Things have become that bad where I live that even the Samaritans have gone ex-directory!
How to Be Cheerful
How to be cheerful, do you say,
When the wind is cold and the skies are grey?
How to be cheerful? Just one way:
Forget yourself for a while today.
Never mind self and your irksome cares.
Somebody else greater burden bears.
Stretch out a helping hand and play
The friend to all who may chance your way.
You’ll never be cheerful sitting there
Sorrowing over the hurts you bear,
For never a joyous hour is known
By the man who thinks of himself alone.
How to be cheerful? Scatter cheer;
Share your life with your neighbours here;
Encourage the weary and comfort the sad
And you’ll find more joy than you’ve ever had.
Edgar A. Guest
“Why are thou disquieted; because it happeneth not to thee according to thy wishes and desires? Who is he that hath everything according to his will? Neither I, nor thou, nor any man upon the earth.”
Thomas á Kempis (?1380-1471), German Augustine monk
Don’t seek to make others miserable: ‘Let all bitterness…be put away from you.’ Ephesians 4:31 NKJV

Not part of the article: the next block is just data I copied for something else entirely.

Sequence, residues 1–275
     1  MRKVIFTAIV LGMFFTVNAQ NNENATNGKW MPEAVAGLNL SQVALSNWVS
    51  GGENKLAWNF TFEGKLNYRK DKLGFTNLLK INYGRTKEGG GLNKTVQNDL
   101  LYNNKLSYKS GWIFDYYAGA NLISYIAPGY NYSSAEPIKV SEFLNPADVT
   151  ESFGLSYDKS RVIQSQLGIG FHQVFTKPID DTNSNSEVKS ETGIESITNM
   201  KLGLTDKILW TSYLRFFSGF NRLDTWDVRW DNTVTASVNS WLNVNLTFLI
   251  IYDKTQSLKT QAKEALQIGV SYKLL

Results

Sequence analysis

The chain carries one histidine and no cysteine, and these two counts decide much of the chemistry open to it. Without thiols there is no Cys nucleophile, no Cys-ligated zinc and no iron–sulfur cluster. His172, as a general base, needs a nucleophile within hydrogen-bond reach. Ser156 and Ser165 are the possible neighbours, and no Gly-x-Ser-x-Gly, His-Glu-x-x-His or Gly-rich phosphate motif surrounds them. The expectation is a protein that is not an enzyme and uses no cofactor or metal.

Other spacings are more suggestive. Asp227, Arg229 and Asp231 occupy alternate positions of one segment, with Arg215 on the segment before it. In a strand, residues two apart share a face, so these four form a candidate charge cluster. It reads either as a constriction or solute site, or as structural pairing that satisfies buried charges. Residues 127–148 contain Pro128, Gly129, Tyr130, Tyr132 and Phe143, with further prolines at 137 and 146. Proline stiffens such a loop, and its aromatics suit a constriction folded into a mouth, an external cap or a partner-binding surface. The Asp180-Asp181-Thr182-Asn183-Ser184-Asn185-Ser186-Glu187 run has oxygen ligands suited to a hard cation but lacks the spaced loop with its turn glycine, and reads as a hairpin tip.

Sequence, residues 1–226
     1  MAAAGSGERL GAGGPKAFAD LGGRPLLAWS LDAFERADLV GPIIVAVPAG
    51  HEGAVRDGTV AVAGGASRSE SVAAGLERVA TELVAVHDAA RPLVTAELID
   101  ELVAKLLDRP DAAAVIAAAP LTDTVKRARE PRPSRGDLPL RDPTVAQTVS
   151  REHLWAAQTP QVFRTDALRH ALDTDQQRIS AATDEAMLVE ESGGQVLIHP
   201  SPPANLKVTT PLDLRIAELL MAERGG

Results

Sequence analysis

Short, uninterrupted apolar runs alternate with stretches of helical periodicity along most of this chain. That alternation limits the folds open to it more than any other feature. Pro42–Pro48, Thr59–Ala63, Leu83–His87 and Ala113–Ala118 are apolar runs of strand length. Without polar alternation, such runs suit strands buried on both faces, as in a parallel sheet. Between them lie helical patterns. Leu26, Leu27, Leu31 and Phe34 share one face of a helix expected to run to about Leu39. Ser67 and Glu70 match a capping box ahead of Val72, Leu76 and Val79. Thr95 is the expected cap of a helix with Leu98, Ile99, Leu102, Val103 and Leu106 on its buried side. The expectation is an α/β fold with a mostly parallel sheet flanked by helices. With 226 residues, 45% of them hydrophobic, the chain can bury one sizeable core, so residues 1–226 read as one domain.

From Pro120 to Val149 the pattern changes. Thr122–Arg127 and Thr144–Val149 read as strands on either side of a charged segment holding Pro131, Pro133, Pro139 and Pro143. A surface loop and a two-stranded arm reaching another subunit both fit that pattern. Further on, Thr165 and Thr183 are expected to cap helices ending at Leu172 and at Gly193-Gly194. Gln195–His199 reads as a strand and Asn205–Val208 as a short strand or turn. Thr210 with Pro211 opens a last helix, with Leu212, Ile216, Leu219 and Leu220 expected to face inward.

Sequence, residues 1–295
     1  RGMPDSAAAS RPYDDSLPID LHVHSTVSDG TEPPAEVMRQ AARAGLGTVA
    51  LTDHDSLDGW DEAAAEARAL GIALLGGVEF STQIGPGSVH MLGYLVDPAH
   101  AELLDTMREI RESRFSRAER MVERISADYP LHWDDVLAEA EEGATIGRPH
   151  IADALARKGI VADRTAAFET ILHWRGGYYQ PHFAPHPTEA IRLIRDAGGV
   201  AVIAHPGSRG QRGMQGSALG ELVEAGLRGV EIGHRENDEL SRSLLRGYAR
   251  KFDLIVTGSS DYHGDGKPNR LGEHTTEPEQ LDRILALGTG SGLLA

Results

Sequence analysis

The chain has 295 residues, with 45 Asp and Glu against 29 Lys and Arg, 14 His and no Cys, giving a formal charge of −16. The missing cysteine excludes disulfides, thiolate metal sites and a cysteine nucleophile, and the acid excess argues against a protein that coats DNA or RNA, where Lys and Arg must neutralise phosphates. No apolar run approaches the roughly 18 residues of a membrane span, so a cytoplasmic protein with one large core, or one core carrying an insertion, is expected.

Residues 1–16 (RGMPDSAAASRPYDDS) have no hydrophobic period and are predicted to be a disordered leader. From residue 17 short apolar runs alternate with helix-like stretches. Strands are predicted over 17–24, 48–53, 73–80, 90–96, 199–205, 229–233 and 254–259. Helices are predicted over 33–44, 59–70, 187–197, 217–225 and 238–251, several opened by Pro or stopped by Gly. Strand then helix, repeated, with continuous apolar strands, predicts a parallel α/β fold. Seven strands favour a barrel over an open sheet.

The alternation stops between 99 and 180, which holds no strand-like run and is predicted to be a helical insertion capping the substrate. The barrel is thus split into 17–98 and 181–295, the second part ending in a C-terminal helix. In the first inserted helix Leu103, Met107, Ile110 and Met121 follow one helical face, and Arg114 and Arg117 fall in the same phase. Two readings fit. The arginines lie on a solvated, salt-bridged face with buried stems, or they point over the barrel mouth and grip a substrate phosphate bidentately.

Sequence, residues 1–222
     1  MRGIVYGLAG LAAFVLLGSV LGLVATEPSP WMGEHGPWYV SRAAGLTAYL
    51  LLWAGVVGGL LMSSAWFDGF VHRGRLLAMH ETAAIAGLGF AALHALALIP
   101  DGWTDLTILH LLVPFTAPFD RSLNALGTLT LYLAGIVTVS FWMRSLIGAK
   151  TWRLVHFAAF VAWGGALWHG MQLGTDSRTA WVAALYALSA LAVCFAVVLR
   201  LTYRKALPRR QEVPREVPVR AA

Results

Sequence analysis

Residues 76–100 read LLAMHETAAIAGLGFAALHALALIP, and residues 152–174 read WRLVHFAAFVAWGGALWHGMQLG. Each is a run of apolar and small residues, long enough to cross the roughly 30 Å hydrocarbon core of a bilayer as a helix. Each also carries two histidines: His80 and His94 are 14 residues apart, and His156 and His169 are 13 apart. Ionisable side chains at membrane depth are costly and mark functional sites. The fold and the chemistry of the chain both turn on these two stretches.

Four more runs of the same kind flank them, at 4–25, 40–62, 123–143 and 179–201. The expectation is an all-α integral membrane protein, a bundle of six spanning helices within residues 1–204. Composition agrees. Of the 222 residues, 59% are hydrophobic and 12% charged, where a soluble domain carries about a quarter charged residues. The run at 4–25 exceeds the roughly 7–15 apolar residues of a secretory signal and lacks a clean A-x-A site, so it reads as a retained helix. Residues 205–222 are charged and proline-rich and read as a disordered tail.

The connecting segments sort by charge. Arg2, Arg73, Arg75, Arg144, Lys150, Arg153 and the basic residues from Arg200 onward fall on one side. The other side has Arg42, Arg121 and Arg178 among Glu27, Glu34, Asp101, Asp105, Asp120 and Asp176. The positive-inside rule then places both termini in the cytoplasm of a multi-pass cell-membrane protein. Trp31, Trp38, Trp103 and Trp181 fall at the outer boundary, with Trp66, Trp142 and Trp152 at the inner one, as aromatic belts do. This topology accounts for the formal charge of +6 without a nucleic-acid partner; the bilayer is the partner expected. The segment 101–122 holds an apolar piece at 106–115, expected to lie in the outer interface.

‘In 1882 a New York businessman named Joseph Richardson owned a narrow strip of land on Lexington Avenue. It was five feet wide and 104 feet long. Another businessman, Hyman N. Sarner, owned a normal sized plot adjacent to Richardson’s skinny one. He wanted to build apartments that fronted the avenue, so he offered Richardson a thousand dollars for the slender plot. Richardson was deeply offended by the low offer and demanded five thousand dollars. Sarner refused, and Richardson called him a miser and slammed the door on him. Sarner assumed the land would remain vacant and instructed the architect to design the apartment building with windows overlooking Richardson’s land. But when Richardson saw the finished building, he resolved to block the view; no one was going to enjoy a free view over his plot! So 75-year-old Richardson built an apartment building on it, five feet wide, 104 feet long, and four storeys high. Upon completion he and his wife moved in. Only one person at a time could ascend the stairs or pass through the hallway. The dining table was eighteen inches wide. A newspaper reporter of some girth once got stuck in the stairwell, and after two tenants were unsuccessful in pushing him free he exited only by stripping down to his undergarments. The building was dubbed ‘the spite house’. Richardson and his wife spent the last fourteen years of his life there. In 1915 it was torn down. Bitterness builds a lonely house with only enough space for one person. The lives of its tenants are reduced to one goal: make someone miserable. They do. Themselves!’
Source: The UCB Word For Today, 9/12/2018